Wolfsburg face Werder Bremen on Sunday in an unfamiliar position of fifth. Bruno Labbadia has transformed the club from relegation fodder into European hopefuls, but could still depart Wolfsburg come June.
Last March, as Wolfsburg were trailing 2-1 at home to Bayer Leverkusen, the club's fans were in a despondent, if humorously self-deprecating, mood.
"We're going down and we're not coming back, but we have Bruno Labbadia," they sang out in the Volkswagen Arena.
Labbadia had just taken over from the hapless Martin Schmidt and started his Wolfsburg coaching career with an unenviable record of one draw and one loss. It wasn't a great start, and it didn't improve much as the season progressed.
Just two wins in 11 games left Wolfsburg 16th and forced them to tackle Holstein Kiel in a two-legged promotion-relegation playoff to retain their Bundesliga status. While they navigated that challenge with ease, few predicted a bright future for Wolfsburg and Labbadia.
Yet on Sunday, exactly 12 months after that Leverkusen loss, Wolfsburg welcome Bremen to town flying high in fifth place.
It's been an astonishing turnaround and not one which many could have predicted. An uninspiring second spell with Hamburg had seen Labbadia's stock plummet and he spent 18 months without a job. When Wolfsburg signed him in February 2018, he was expected to keep them afloat but not much else.
That Labbadia rescued the club was not a surprise, but what he's achieved this year has come right out of the blue.
Wolfsburg have been transformed from an underperforming, defensive outfit relying on counter attacks to a determined side mixing fighting spirit with a possession-based, controlled-pressing game. Both the club and coach's stock has shot up once again.
The Wolves' 38 goals this season have already eclipsed their totals from the last two seasons. And while summer arrivals such as left-back Jerome Roussillon and striker Wout Weghorst have strengthened the team, Labbadia has mostly impressed by improving the existing roster and changing their mentality.
Captain Joshua Guilavogui has become a lynchpin in the holding midfield role of a 4-3-3 and Wolfsburg haven't lost a match with their captain in the starting XI. Admir Mehmedi is finally threatening to fulfill his potential with five goals and four assists, while John Anthony Brooks has helped solidify a once crumbling defense with eight clean sheets.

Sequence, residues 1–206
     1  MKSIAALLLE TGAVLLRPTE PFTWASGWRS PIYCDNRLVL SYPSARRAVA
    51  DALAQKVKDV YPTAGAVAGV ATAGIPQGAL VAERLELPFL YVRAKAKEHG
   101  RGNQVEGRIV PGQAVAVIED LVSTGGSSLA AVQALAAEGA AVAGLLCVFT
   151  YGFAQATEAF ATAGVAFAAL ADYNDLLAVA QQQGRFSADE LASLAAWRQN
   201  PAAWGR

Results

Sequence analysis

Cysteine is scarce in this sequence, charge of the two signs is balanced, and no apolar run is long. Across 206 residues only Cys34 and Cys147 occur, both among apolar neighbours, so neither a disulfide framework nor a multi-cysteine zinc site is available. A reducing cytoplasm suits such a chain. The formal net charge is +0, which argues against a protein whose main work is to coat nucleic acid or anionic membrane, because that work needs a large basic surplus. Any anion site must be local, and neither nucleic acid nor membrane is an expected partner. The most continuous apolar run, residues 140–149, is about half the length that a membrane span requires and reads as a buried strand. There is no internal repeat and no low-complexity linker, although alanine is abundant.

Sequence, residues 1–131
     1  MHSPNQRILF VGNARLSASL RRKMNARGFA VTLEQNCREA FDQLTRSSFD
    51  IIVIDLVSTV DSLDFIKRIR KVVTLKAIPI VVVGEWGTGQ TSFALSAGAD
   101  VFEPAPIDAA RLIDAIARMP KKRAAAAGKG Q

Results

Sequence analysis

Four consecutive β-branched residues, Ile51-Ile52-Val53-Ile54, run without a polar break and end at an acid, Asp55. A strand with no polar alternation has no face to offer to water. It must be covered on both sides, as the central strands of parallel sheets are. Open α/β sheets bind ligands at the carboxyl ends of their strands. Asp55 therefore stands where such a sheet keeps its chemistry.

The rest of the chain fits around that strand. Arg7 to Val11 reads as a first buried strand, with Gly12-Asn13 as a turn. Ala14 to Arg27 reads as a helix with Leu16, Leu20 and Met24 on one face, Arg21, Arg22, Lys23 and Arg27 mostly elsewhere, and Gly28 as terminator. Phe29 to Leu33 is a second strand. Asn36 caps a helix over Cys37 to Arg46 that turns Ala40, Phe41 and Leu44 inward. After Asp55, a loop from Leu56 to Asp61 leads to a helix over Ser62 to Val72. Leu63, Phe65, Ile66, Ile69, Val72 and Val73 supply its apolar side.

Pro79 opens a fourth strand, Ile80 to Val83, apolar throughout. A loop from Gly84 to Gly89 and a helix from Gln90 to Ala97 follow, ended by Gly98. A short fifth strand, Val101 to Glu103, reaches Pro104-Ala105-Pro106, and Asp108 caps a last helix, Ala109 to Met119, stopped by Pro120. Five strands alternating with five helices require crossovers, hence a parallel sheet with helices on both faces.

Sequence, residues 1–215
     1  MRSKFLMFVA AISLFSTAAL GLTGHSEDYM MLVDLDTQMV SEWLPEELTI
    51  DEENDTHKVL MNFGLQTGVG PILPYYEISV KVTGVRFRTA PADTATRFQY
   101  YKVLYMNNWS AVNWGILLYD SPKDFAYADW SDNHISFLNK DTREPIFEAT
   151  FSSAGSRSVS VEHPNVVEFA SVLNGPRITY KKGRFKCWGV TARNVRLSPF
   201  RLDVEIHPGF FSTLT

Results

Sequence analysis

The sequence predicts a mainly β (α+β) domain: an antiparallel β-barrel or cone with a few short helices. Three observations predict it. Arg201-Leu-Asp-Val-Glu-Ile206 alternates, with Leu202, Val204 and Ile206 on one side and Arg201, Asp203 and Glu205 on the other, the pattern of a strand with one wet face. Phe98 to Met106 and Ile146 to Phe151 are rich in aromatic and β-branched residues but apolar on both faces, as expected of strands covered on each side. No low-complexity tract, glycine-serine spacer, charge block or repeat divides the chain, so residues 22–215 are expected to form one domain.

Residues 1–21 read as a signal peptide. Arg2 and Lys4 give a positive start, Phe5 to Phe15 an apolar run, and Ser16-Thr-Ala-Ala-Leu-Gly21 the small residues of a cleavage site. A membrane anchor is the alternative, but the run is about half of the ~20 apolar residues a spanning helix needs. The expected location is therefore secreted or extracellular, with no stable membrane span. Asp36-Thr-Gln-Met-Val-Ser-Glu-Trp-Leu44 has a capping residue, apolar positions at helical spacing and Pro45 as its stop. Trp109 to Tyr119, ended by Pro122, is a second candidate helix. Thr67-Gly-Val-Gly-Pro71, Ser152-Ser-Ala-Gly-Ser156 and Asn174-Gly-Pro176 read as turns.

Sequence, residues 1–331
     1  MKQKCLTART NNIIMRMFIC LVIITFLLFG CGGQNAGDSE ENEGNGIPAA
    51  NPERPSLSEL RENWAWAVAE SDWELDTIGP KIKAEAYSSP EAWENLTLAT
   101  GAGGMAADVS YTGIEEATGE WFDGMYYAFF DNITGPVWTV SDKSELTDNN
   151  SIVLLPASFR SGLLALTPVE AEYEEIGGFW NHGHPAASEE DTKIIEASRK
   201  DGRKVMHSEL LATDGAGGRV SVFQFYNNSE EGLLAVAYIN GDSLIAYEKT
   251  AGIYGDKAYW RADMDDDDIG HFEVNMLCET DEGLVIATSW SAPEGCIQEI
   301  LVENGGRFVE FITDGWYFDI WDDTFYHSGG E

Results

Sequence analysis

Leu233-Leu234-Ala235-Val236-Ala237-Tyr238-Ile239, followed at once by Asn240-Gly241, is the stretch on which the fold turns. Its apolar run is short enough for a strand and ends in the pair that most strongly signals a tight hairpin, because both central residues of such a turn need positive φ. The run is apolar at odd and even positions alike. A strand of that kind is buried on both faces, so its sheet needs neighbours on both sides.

Europe in sight
"The whole thinking of the team has changed,” Labaddia told Die Welt back in January. "The attitude, the willingness, the togetherness. We've turned everything around.”
Eight wins in their last 12 games puts Wolfsburg on 38 points, also better than their last two season's totals. Dreams of returning to Champions League football are not fanciful anymore, if still a long shot.
Famous European nights such as the 2-0 victory over Real Madrid in the first leg of the Champions League quarterfinals three years ago could be returning to Wolfsburg, even if it's in the Europa League.
And Labbadia has achieved this extraordinary rise almost under the radar. That was until last weekend's surprise 3-0 thumping of Champions League contenders Borussia Mönchengladbach, a huge statement of intent.
Europe is now well and truly on the cards, but Labbadia's good work could be about to come undone this summer as the 53-year-old's contract expires in June.
The fact that Wolfsburg and Labaddia haven't agreed, or even discussed, a contract extension has drummed up a ton of speculation in the media. Some are reporting that CEO Jörg Schmadtke and Labbadia's less-than-rosy personal relationship could force the pair to part.
"We have a work-related relationship… I will certainly not exchange cooking recipes with him or plan a holiday together,” Schmadtke told Bild. "But it's not bad in my view. Sometimes the chemistry just isn't right.”
Colleagues don't have to be friends outside the office for a successful working relationship, but Labbadia was reportedly disappointed after a winter transfer window saw no new arrivals in Wolfsburg. Reports suggest his ambitions aren't being met.
And the lack of concrete commitments from either side has only fueled the speculation, despite the suggestion talks could start this spring.
"I am currently very, very open for everything and even curious about where it leads in the summer,” Labaddia told Sport1. "Whether I stay here in Wolfsburg or go somewhere else, we will see.”
There is talk that Wolfsburg have already targeted RB Salzburg's Marco Rose as a possible replacement, which would prove a fairly baffling move given the club's transformation under Labbadia.